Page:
If you have ever used social media, you have most likely seen the “hashtag.”
hash·tag /ˈhaSHtag / noun: (On social media sites such as Twitter) a word or phrase preceded by a hash or pound sign (#) and used to identify messages on a specific topic.
In 2009, the hashtag impacted society like an atom bomb, quickly changing the course of the modern language. Ever since Twitter strung together the disconnect of key words with the hashtag, people have been able to easily search for key words or phrases that would open up connections to other relating articles or tweets. People’s thoughts and opinions were soon connected into a web of hashtags
The symbol became so widely used, that in 2012 the American Dialect Society declared it Word of the Year. It became so overused by nearly everyone that it was officially declared comic (well, not officially…just satirized perfectly by Jimmy Fallon and his pal Justin Timberlake).
The hashtag has become so immersed in our culture that even brides make it their top priority to create the perfect wedding hashtag (i.e. #WeSaidIDoOnJune2, #SallyandSamTietheKnot). A personalized hashtag creates a folder of photos and updates about the topic or event.
Companies have also caught wind of the hashtag. It has quickly become a popular marketing tool and is now present in various media outlets. Television shows will hashtag character names, movies will hashtag titles and events, and restaurants will hashtag special offerings. The symbol can stand as a marketing/branding/PR technique to promote campaigns while also allowing followers to interact with the company by posting pictures or voicing their opinion. And while this phenomenon first took place on Twitter, other platforms like Facebook and Instagram have joined the hashtag conversation as well.
Greenville, SC, used hashtags as the cornerstone of their plan to elevate the perception of Greenville and highlight recent changes that have been made to the city. By encouraging the use of the hashtag #YeahThatGreenville in partnership with a website of the same name, they took the combined forces of Greenville fans and residents to spread the word that Greenville is hip, young, cool and the place that everyone wants to be.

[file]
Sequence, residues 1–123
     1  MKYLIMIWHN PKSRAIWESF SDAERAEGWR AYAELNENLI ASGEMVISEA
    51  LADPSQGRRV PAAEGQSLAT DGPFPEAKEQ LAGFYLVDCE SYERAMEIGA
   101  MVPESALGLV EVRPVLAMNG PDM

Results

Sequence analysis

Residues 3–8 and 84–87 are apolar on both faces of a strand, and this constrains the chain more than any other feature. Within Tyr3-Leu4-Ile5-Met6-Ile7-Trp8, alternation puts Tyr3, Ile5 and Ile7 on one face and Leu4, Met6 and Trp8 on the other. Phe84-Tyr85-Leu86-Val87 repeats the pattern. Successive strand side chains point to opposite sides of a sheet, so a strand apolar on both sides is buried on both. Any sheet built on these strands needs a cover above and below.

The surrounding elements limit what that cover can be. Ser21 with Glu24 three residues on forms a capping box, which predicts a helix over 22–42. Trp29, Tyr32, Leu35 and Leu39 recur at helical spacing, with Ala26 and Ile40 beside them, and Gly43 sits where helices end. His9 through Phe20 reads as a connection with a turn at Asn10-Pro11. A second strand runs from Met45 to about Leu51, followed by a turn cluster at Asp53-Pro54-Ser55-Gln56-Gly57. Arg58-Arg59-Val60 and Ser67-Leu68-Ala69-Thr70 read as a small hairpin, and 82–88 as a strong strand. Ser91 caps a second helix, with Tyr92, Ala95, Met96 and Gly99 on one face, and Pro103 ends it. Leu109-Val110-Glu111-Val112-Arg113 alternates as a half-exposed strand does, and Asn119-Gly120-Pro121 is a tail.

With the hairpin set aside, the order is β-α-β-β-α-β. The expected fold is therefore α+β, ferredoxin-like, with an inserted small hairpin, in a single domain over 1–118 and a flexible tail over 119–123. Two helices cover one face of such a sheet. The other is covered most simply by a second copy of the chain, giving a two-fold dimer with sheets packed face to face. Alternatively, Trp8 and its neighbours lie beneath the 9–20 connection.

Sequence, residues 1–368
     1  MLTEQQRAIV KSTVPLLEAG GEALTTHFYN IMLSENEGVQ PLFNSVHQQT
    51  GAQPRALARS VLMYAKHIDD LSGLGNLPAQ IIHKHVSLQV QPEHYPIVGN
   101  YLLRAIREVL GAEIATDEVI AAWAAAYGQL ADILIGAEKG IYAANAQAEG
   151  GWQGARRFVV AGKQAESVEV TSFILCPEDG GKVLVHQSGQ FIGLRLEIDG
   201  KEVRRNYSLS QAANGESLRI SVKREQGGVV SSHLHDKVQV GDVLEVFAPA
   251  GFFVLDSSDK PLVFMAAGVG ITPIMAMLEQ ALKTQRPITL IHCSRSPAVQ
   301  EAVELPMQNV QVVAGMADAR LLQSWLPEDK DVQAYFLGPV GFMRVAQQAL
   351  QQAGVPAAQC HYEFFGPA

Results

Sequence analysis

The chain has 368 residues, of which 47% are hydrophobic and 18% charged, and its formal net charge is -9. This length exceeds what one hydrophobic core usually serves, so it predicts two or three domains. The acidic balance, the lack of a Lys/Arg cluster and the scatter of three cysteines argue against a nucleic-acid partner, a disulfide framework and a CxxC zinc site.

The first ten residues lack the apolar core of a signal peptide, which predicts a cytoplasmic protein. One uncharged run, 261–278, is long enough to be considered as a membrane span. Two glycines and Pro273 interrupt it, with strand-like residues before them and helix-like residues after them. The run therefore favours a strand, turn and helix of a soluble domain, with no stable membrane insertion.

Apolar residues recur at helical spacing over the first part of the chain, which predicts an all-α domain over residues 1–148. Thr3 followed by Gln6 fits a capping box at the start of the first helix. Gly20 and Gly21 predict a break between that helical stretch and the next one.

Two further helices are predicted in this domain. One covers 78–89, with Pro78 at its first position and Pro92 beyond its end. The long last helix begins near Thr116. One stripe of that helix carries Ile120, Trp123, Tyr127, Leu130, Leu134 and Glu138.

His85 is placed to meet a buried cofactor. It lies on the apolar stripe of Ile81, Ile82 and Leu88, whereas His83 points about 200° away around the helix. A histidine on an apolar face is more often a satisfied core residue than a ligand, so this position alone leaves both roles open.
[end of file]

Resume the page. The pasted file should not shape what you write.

If you’re going to jump on the #hashtagbandwagon, it is essential to first understand your strategy: what do you want to accomplish, why, and who will use it? Once you nail that down (and hey, we can help you with that), you’ll want to choose an appropriate hashtag to promote your product or event. In the past, hashtags were limited to one platform. Today, you can direct your promotion to the platform most occupied by your clients or target market (there’s that strategy thing again).
It is important to create a phrase that is easy to read and to the point. The pound sign turns any word or group of words that directly follows it into a searchable link. Avoid endless hashtags that may be tons of fun for you and your friends, but too hard to manage for a quick at-a-glance promo. When you go for succinct and to the point, you create a win-win for you and your target audience:
Once the hashtag is created and out there, there is no way to filter or control what people post. Companies have to deal with the risk factor of receiving negative feedback publicly. Ideally, your company has nothing to worry about, but even in the best of cases, there’s always the chance. We actually had this discussion back in 2012 – check it out and then remind yourself of these important tips:
Here’s to a successful campaign, #hashtags and all. If we can be of service, let us know!